Most topical film-forming sealers just sit on the surface of the stone. However, Stonetech is also absorbed deep into the surface of the stone just like an impregnating sealer. So this sealer gives all the advantages of an impregnating sealer and a film-forming sealer.
The solvent-free Stonetech sealer does not smell, so there are no nasty fumes disturbing the homeowner.
Stonetech also provides exceptional protection against water and stains.
I applied 2 coats of sealer using a roller and cloth. Application is not a quick job and each coat took me three hours to apply.
The sealer takes six to eight hours to cure. So I sealed the floor over two days to make sure the first coat was dry.
How To Keep A Sandstone Floor Looking Clean
Cleaning rough sandstone with deep grout is not a simple task. Mopping with a standard cotton mop will not keep the floor clean. A mop will move soiled cleaning solution into the grout, gradually making it darker. Cleaning with a microfiber flat mop is not simple because the flags and pavers have a rough finish.
My suggestion is to clean riven sandstone using a combination of a mop, bucket and a wet and dry vacuum.
Thoroughly dry vacuum the floor to remove all traces of dry soil. You must remove the dry soil because if it gets wet, the grit in the soil turns into a cutting paste. When you mop the floor the grit will scratch the surface of the tiles, damaging the finish.
Mix a solution of sandstone cleaner, for example, LTP Floorshine in a bucket and mop the cleaning solution over the floor to loosen any sticky soils. Don’t be tempted to use strong alkaline cleaners, bleach-based cleaners or acid based cleaners. These cleaners will damage the sealer, reducing the life of the finish.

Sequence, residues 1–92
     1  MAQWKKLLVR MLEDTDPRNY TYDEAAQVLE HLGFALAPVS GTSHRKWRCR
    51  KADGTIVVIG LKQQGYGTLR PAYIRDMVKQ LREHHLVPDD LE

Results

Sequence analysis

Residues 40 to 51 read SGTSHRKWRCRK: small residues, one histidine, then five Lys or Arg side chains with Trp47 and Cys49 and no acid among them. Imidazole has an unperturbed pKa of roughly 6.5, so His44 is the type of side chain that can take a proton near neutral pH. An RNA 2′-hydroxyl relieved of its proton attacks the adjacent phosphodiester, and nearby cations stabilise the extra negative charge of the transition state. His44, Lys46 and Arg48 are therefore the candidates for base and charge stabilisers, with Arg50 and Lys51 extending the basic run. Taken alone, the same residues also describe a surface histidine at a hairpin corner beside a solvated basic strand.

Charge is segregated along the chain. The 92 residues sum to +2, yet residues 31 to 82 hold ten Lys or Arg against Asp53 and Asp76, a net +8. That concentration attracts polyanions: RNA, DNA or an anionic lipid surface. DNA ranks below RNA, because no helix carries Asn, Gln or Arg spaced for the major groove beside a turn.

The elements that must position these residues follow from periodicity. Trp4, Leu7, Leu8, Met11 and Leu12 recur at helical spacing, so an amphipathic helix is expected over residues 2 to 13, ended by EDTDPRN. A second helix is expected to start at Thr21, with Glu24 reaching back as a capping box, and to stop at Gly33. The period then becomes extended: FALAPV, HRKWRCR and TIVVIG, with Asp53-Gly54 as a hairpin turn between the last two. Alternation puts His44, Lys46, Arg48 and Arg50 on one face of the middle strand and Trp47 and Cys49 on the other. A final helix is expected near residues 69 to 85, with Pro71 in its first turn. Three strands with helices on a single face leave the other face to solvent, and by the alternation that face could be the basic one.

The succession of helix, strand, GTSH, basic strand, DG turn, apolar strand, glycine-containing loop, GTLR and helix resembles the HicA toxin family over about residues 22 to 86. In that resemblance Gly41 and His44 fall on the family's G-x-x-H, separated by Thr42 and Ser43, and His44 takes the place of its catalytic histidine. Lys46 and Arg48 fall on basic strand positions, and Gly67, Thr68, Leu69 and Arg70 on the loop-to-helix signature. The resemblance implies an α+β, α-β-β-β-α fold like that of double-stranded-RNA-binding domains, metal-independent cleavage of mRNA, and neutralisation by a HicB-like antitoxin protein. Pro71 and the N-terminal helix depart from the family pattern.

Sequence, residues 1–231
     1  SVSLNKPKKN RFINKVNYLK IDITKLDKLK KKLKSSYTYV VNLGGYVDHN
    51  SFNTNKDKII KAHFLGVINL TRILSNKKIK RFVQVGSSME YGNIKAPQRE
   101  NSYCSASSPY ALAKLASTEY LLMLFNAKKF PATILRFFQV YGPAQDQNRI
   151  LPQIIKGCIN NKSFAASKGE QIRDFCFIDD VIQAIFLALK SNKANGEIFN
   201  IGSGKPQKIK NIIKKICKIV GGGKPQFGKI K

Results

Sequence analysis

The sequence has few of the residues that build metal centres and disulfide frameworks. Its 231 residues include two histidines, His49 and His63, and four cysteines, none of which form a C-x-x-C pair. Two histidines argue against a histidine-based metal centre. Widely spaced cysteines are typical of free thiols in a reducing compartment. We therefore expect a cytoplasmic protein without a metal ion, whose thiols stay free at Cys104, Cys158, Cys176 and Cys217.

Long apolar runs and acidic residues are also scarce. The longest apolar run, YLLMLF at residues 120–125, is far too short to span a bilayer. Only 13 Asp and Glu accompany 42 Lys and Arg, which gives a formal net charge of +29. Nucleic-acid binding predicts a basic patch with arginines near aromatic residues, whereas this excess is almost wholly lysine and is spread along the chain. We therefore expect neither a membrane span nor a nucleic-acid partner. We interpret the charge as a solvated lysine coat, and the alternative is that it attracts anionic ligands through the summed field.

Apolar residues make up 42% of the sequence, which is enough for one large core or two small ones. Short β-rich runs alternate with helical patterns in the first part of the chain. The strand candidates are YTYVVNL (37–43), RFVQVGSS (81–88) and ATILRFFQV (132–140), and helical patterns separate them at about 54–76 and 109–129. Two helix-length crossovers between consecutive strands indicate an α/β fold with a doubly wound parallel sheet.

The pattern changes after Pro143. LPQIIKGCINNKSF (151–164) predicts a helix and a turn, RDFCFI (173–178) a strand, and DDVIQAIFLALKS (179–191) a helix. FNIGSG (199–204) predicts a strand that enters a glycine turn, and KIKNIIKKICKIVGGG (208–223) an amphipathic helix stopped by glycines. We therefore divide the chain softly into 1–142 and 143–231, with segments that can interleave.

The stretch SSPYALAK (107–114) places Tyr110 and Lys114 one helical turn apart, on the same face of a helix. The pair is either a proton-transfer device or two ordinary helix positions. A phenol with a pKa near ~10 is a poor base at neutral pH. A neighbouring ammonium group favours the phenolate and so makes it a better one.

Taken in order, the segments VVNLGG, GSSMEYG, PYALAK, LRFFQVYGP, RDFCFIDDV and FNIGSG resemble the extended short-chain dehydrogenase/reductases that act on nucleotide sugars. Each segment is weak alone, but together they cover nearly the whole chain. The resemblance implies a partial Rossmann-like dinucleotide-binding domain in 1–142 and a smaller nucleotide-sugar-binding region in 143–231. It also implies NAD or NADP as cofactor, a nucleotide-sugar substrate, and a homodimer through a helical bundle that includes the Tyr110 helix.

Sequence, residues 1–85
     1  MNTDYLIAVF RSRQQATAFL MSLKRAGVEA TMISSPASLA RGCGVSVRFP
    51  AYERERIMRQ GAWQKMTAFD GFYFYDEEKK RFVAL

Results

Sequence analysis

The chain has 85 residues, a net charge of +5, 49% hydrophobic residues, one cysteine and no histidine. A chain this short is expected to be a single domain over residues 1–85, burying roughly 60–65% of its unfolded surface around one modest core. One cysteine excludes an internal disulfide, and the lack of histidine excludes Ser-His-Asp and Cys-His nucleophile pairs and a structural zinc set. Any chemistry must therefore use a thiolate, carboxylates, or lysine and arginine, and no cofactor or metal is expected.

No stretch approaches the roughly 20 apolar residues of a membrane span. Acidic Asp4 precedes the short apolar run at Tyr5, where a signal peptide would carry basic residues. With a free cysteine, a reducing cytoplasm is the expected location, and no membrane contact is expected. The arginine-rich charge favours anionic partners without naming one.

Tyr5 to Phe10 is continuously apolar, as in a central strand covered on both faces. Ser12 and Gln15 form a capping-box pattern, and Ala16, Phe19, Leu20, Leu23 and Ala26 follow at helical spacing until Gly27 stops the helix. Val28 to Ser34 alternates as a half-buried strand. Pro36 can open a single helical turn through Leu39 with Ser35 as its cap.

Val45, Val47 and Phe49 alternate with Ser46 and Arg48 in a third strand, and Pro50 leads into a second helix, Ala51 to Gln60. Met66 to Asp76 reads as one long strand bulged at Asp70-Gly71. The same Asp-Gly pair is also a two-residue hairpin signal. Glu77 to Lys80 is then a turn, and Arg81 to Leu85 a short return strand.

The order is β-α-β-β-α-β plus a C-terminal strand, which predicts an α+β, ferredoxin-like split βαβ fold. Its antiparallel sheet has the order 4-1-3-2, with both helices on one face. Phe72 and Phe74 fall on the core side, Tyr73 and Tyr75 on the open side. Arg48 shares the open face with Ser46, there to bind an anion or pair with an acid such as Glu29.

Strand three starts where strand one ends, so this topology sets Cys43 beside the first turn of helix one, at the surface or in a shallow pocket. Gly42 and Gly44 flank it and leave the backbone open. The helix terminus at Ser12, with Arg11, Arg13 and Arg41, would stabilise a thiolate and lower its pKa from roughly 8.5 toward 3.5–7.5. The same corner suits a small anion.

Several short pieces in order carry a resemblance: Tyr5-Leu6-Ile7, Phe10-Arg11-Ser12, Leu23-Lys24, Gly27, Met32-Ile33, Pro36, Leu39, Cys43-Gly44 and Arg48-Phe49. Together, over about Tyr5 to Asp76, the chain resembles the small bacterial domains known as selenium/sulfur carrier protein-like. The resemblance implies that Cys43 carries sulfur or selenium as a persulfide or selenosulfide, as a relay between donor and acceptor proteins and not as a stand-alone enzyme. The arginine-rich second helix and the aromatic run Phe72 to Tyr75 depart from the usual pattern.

Use a wet vacuum with a hard floor tool to vacuum away the cleaning slurry, making sure there is no cleaning slurry left in the grout or any stone crevices.
Using this cleaning method will help you keep your sandstone floor clean for years to come.
My client was delighted with the results and will enjoy a beautiful, easy to clean floor for years to come.
If you want your sandstone floor or any other natural stone floor to look clean and beautiful for years rather than months, please drop me a line. I will be happy to help.
On the subject of cleaning sandstone, here is an answer to a very popular question.
How Do You Get Stains Out Of Sandstone?
If sandstone is not fully sealed, some spills can stain the stone.
First, try your sandstone cleaner with a cloth. If this does not work, and you know what caused the stain, you have two options. Don’t expect a perfect result, but the mark should be lighter after you have finished.
Option 1 – A Coloured Stain
Mix a small amount of hydrogen peroxide with fullers earth or baby powder to create a thick cream consistency creating a poultice mix. Apply the poultice to the stain and cover with a plastic sheet or cling film. Tape the edges to secure the plastic and leave for 48 hours. Hopefully, the poultice will absorb the stain. Remove the plastic, vacuum away the residue and damp wipe. Repeat until the stain has disappeared or lightened sufficiently not to be noticed.
Option 2 – An Oily Stain
Organic, oil-based stains will darken the stone and need to be chemically dissolved. Try cleaning with a cloth and Clean gently with a soft cloth and mineral spirit, acetone, or nail polish remover. If there is still a stain. Make up a poultice as above using mineral spirit, acetone or nail polish. Apply the poultice as above. Leave for 48 hours and repeat until the stain has disappeared.